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Are unpaid internships unethical?

Photo+credit%3A+Helen+Suh
Photo credit: Helen Suh

Photo credit: Helen Suh

Photo credit: Helen Suh

Alex Horne

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As a junior, I hear the word all the time: internship. It seems most students who are graduating the following year are looking for one.

Many say that an internship during the summer prior to graduating is crucial to landing a good job after college. And I would agree with that. Internships give experience in an industry without the pressure of immediately becoming a full-time employee.

The problem I have with internships is that some are unpaid.

I believe unpaid internships are non-inclusive, greedy and above all unethical.

Offering an unpaid internship shows greed at the management level of a company. Whoever decides that the company will hire a summer intern and he or she will be unpaid, has little respect for hardworking students.

A company that is reputable enough to hire an intern should generate enough profit to pay a summer intern, right?

In my opinion, if a company truly doesn’t have the funds to pay the salary of a summer intern then maybe it isn’t a company anyone should be seeking employment from anyways.

And if a company doesn’t have the funds then they shouldn’t offer an internship in the first place. To me, that sounds like exploiting student labor because of lack of sufficient funds to hire a real employee.

I think the main problem with unpaid internships is that they are non-inclusive.

Not all students can afford to work for an entire summer or even one week without pay.

My knowledge from my personal internship search has led me to conclude that most internships are offered in major cities. Major cities are more expensive on all fronts; rent, food and entertainment are all more expensive.

This means students from lower income families will not be able to commute or move to the city because they likely won’t be able to afford it since they will have no income.

According to a study done by The Washington Post, approximately 50 percent of internships in the year 2012 were unpaid in the United States.

Offering an unpaid internship is not only greedy, but it eliminates many students from low-income families from applying to 50 percent of internships.

This is not only non-inclusive to these equally qualified candidates, it accentuates the inability to escape social stratification. Essentially, it keeps lower class people lower class and gives the opportunities to the students from upper and middle class families that can afford to support their child during an unpaid internship.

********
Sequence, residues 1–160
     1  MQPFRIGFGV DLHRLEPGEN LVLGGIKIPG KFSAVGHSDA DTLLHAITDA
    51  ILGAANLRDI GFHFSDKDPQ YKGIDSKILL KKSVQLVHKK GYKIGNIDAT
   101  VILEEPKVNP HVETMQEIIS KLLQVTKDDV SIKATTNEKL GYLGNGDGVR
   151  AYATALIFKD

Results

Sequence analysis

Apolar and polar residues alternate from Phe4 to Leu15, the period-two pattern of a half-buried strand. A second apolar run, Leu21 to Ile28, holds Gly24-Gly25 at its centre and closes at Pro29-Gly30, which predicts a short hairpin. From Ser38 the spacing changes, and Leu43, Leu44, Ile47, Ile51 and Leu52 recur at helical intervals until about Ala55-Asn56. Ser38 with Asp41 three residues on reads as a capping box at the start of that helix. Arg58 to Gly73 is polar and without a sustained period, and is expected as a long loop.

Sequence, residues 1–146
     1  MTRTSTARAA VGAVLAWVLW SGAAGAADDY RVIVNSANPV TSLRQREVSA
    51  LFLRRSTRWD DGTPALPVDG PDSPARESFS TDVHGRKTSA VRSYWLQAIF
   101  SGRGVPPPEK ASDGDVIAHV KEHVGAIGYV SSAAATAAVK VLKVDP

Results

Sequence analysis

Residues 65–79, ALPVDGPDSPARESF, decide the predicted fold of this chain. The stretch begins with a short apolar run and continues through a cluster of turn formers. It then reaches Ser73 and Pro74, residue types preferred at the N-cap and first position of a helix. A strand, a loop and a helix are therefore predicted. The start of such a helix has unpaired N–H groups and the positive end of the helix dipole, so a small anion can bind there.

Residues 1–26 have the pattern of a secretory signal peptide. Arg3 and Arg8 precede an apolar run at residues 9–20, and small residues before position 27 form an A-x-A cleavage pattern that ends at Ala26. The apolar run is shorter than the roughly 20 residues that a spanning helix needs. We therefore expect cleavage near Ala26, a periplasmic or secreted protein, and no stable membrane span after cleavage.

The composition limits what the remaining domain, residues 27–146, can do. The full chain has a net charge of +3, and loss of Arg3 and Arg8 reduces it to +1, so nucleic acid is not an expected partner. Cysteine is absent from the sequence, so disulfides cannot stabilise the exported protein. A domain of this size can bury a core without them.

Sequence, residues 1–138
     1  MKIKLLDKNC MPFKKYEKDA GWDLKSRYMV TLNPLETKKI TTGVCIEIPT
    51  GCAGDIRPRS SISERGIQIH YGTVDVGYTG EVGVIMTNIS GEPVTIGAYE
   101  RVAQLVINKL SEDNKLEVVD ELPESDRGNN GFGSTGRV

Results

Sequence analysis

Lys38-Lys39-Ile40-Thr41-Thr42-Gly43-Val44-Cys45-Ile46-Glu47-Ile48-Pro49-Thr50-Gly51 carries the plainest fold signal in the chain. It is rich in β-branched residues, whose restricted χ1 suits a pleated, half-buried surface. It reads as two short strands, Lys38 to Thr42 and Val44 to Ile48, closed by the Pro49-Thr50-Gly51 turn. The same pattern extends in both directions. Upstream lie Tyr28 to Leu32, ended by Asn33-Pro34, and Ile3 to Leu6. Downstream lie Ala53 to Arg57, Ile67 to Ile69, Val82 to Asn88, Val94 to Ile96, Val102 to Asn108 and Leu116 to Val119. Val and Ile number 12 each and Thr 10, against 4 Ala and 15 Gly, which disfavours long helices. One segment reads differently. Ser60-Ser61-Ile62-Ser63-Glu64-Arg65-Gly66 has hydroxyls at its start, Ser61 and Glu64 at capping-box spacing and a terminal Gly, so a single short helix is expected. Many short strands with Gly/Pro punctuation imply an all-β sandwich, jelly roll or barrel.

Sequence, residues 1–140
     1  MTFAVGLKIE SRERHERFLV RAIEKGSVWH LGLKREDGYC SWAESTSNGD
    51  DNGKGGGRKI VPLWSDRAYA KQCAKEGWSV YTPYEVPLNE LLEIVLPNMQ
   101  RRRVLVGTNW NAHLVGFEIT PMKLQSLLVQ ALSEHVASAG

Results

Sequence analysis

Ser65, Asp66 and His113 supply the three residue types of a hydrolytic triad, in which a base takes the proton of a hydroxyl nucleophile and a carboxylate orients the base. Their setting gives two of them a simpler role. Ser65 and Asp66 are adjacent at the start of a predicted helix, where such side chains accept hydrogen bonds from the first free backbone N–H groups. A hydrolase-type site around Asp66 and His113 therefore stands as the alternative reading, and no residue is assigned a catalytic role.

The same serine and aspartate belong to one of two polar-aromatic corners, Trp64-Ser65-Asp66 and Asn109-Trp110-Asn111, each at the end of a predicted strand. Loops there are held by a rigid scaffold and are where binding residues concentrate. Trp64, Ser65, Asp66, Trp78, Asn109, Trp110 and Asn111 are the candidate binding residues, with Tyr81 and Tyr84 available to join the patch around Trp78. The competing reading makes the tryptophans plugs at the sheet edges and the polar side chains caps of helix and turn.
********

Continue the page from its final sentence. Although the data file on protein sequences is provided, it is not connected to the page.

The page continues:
Internships can propel a student through the professional world, and not being inclusive of lower class students is wrong and denies them a chance at the American dream.

Another issue with unpaid internships is that they demean the value of the student.

I feel that my time and expertise after three years of college is worth more than zero compensation. And a company that thinks my value is worth nothing is not a company where I would feel good about myself.

Many would argue that unpaid internships are ethical because they allow the student to gain expertise, knowledge and connections in an industry. All these things are valuable, but it is still out of the reach of students from lower class families.

Since connections and experience are value added, I believe internships that pay minimum wage are acceptable and ethical. In addition, an internship that gives college credits as compensation is also acceptable because it can go toward a degree. It’s almost like taking a class.

Ultimately there is no reason for an internship to go unpaid. Students deserve fair compensation for their work. Not fairly compensating is unethical.

Labeling a job as an internship is simply a way for a company to save money. Truthfully, it is glorified volunteer work that looks good on a resume.

For some, an unpaid internship is worth it. The value of the experience from a distinguished company is sometimes too much of a good opportunity to pass up.

For me, I don’t think the time and cost are worth a summer of free labor.

Alex Horne can be reached at [email protected] or @theorion_news on Twitter.

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1 Comment

One Response to “Are unpaid internships unethical?”

  1. Rich Johnson on May 7th, 2016 8:50 pm

    The columnist here is raising good points. Some businesses now are skipping hiring people and instead bringing in unpaid interns to do work that needs to be done. We have huge oversupply of workers in the US – fewer middle class jobs available – so these businesses are basically taking advantage of this. Hey, if you don’t work for us free for awhile – so we an check you out – we won’t hire you. But they have no obligation to hire you. Hugely profitable businesses – like the San Francisco 49ers and newspapers too- have farmed out a lot of work to unpaid interns. I think it’s unethical. I’ve seen publications in the bay area advertising for unpaid interns, some are demanding you be a “recent college grad”. They don’t want older re-entry students for these unpaid jobs. What an insult. Asking people to work for nothing just pads the salaries of management and ownership, in my view. Geez, everybody who works for 49ers makes a pile – the lowest paid job is like 100 grand – secretaries make this, yet they are getting college kids to work for nothing.

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Are unpaid internships unethical?